Engage your readers! Boost your conversions! Make more sales! Sell, sell, sell!
What’s the secret?
Ditch the business lingo and get real. Better yet, get emotional.
“It’s not personal, Sonny. It’s strictly business.” Michael Corleone, The Godfather.
It probably is a good idea to separate your emotions when you’re making business decisions or running an Italian American crime syndicate. But when it comes to your business copy and communications, the opposite is true.
Communication is about making connections, and we make connections through our emotions. Whether you’re creating copy to convert clients or writing an email to your company director, making your reader feel something is crucial to getting them on board with your message.
Despite most of us thinking we are rational human beings, our emotions have a huge influence on how we perceive something and the decisions we make.
Imagine sitting down for a presentation and the speaker shows no enthusiasm or passion. Not good, right? Well, the same is true for your business writing. So many businesses lose any touch of humanity in their writing. In an effort to sound professional and knowledgeable, they deliver robotic copy. Writing that is devoid of personality and fails to ignite any curiosity or enthusiasm.
3 Rules To Bring Your Writing to Life
1. Get Active, Kill The Passive Voice
Keep your writing punchy and engaging by avoiding the dreaded passive voice. The subject should be doing the acting in your sentence, not being acted upon by the verb. For example:
“The cat was kicked by Michael.”
“Michael kicked the cat.”
See how the second sentence has more energy and invokes more emotion. The passive voice detaches the reader, its happening somewhere in the distance. The active voice is more incisive, it makes us feel something about Michael.
2. Cut The Bullsh!t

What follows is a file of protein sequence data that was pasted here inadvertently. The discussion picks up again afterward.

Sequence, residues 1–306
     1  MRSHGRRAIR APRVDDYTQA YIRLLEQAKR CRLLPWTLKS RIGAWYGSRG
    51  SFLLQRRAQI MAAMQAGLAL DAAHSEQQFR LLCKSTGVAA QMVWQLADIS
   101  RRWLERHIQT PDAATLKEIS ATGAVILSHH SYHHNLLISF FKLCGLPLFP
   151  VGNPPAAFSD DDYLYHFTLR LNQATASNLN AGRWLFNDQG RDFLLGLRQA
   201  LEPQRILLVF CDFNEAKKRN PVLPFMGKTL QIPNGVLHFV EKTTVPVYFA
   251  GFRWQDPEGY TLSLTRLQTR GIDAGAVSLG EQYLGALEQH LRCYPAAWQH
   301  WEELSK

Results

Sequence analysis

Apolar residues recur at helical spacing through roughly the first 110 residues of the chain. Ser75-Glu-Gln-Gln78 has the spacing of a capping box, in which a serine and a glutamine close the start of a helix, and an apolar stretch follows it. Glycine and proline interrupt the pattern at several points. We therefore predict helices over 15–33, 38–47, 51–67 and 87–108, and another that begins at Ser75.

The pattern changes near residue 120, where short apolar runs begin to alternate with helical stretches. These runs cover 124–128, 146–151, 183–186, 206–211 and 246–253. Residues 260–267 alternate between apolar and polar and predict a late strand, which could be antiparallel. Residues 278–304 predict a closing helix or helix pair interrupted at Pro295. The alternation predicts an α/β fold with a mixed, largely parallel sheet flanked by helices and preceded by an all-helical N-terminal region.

Unless your Marlon Brando, the moment you pretend to be something you’re not, your reader will smell it. When this happens you’ve lost them, your credibility is gone. The easiest way to ensure the authenticity of your writing is to check your use of superlatives. The “worlds best,” “life-changing,” “best-ever,” etc.
It’s easy to get drawn into the language of overselling. You want to get an emotional response from the reader, but you want that response to be legitimate. If your reader senses you’re not being genuine, your credibility is gone and so is your connection. Toning down your language to resemble what you sound like in a normal conversation will serve you much better in the long run.
3. Get Emotional
So many company's publish boring content crammed full of industry jargon. Reading business writing like this is like eating a plain rice cake. Hard work. Get some flavor in your writing and some guacamole on that rice cake.
When you read boring content you skim through, and in the worst case abandon it completely. It doesn’t make any impact, and you forget what you just read.
Don’t be afraid to inject some of your personality into your writing. Scan your writing for weak, or flat, words and swap them for strong, or charged, alternatives.
Words like “boost” and “smash” are much more engaging than “improve” and “overtake”. These type of words create an emotional response that encourages the reader to feel something about your writing. If you can make your audience feel something, and form a connection, they’re much more likely to stay engaged and keep reading.
Forming an emotional connection with your reader is essential if you want them to buy into your product or service. We form an opinion of a company or person based on their writing. If the writing is over-complicated or untrustworthy, we assume the company will be the same. If the content is energetic and authentic, we associate those feelings with the company and their product or service.